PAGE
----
“The best way to predict the future is to design it”
– Buckmister Fuller
This time last week I was in the middle of hosting annual retreat for leaders, which was all the more special because of the prolonged delay with the pandemic.
23 unsuspecting victims, I mean clients…,joined me for 3 days in the beautiful village of Carlingford. We hiked, talked, reflected, laughed, listened and learned.
While there is a structure to this retreat I’ve found that there is always an emergent property to the event – themes or ideas will emerge in the moment as the group deepens it’s connection. One of the recurring themes this year was around ‘including yourself in your success’ more.
“The best time to plant a tree was 20 years ago. The second best time is now.” – Chinese Proverb
“I’m too far down the road to change now. It’s just the way I am”
So said the smart, ambitious leader to me.
They were referring to why they thought it was impossible for them to change some of their behaviour and habits – especially mental ones.
On one level, at least they were honest in saying what they were thinking.
“To get in the zone you have to stay in the present and you have to focus on your process goals.”
– Paul Flynn, winner of six All-Irelands with Dublin in Gaelic football and four consecutive All-Stars.
“I can’t be happy until I achieve this outcome.”
A version of this has been said to me many, many times or if it hasn’t, it’s usually lurking in the back of client’s minds – they just aren’t aware of it. I’m extra aware of this because I did it to myself for so long.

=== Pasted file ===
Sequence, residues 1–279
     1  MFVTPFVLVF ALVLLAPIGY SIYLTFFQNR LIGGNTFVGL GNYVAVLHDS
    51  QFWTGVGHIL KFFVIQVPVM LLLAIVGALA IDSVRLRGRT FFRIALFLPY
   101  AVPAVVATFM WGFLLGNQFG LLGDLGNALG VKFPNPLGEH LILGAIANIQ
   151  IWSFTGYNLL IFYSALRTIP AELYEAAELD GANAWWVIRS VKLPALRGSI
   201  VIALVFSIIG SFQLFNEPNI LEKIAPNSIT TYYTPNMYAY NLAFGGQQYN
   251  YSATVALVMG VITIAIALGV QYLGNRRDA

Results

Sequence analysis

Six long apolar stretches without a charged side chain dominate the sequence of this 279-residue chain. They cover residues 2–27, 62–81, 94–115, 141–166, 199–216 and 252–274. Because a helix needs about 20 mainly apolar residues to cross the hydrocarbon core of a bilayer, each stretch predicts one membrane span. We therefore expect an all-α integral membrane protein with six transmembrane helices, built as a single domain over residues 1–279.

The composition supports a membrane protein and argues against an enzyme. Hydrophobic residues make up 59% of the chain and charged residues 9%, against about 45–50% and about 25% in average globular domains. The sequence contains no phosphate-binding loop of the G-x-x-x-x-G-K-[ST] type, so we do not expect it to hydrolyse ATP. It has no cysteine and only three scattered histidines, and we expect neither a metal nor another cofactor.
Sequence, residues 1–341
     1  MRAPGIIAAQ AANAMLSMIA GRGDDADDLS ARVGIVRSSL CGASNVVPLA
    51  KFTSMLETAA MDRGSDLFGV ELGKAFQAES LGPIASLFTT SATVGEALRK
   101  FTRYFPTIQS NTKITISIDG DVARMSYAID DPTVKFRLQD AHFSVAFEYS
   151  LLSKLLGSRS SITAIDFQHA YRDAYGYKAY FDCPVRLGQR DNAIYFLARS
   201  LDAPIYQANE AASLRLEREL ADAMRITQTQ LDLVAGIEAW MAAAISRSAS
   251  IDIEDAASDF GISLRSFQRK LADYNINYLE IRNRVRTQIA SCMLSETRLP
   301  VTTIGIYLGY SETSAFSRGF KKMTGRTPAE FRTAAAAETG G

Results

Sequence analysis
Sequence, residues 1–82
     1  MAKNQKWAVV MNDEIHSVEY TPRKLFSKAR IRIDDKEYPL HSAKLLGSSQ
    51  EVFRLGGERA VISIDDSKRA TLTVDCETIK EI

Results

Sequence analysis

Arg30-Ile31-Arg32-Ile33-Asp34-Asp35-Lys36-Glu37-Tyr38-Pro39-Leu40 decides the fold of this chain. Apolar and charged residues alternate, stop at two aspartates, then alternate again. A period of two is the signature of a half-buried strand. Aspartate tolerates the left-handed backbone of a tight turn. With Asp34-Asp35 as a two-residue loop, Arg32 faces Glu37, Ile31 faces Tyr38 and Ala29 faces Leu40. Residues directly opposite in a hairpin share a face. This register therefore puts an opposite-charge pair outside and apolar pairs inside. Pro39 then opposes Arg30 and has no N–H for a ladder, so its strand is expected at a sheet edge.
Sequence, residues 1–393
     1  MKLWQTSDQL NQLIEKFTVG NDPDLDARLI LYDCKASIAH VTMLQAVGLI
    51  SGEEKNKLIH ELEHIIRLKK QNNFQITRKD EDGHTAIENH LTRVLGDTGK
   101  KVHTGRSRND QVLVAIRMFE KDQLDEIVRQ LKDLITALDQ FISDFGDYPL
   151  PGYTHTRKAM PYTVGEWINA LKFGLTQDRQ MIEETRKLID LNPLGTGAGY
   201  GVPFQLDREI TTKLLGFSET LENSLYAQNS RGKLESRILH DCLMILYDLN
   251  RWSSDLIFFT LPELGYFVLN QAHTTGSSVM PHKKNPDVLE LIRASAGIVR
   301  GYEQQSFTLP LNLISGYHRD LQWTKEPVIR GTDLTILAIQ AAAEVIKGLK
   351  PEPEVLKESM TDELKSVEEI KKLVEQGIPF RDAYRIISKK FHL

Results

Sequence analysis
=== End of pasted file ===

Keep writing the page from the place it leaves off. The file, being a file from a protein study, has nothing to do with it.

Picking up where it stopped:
Sometimes it seems as if avoiding blame, for many, is the goal of life.
It seems to naturally start in children, if the fights in our home are anything to go by….:) It certainly turns up everywhere in organisations.
Over the last 2 weeks a few people who read this weekly post told me they hadn’t realised I have a podcast.
So this note is to let you know I have one… :)…. plus to give you a challenge.
It started as an experiment in February this year and has evolved into a weekly podcast that ranges in time from 8-15 minutes usually. (Details and link to the podcast are below)
So far it’s been an enjoyable learning curve and I really like the format.
The quote above is one I think is important as you get older. The greatest workshop of all is your life. Experimentation is key to ensuring vitality and aliveness, yet it’s so easy to fall into a non-experimentation way of living.